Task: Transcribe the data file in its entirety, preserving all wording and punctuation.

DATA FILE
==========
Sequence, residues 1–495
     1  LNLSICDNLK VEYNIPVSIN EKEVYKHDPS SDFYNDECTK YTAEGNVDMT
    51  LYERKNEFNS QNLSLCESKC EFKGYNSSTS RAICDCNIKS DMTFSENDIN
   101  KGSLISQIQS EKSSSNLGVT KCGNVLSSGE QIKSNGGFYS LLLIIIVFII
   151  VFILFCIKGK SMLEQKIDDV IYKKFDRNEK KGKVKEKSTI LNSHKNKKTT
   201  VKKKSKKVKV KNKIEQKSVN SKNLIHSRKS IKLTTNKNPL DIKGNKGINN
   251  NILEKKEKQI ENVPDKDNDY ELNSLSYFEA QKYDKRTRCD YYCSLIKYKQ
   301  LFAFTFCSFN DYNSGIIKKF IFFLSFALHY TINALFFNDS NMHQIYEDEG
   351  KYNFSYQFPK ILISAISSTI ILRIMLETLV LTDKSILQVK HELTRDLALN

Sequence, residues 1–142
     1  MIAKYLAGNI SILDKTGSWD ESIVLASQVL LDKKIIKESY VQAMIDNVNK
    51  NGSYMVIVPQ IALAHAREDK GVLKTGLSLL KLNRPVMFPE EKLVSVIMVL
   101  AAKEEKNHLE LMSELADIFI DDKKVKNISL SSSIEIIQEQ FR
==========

Sequence, residues 1–495
     1  LNLSICDNLK VEYNIPVSIN EKEVYKHDPS SDFYNDECTK YTAEGNVDMT
    51  LYERKNEFNS QNLSLCESKC EFKGYNSSTS RAICDCNIKS DMTFSENDIN
   101  KGSLISQIQS EKSSSNLGVT KCGNVLSSGE QIKSNGGFYS LLLIIIVFII
   151  VFILFCIKGK SMLEQKIDDV IYKKFDRNEK KGKVKEKSTI LNSHKNKKTT
   201  VKKKSKKVKV KNKIEQKSVN SKNLIHSRKS IKLTTNKNPL DIKGNKGINN
   251  NILEKKEKQI ENVPDKDNDY ELNSLSYFEA QKYDKRTRCD YYCSLIKYKQ
   301  LFAFTFCSFN DYNSGIIKKF IFFLSFALHY TINALFFNDS NMHQIYEDEG
   351  KYNFSYQFPK ILISAISSTI ILRIMLETLV LTDKSILQVK HELTRDLALN

Sequence, residues 1–142
     1  MIAKYLAGNI SILDKTGSWD ESIVLASQVL LDKKIIKESY VQAMIDNVNK
    51  NGSYMVIVPQ IALAHAREDK GVLKTGLSLL KLNRPVMFPE EKLVSVIMVL
   101  AAKEEKNHLE LMSELADIFI DDKKVKNISL SSSIEIIQEQ FR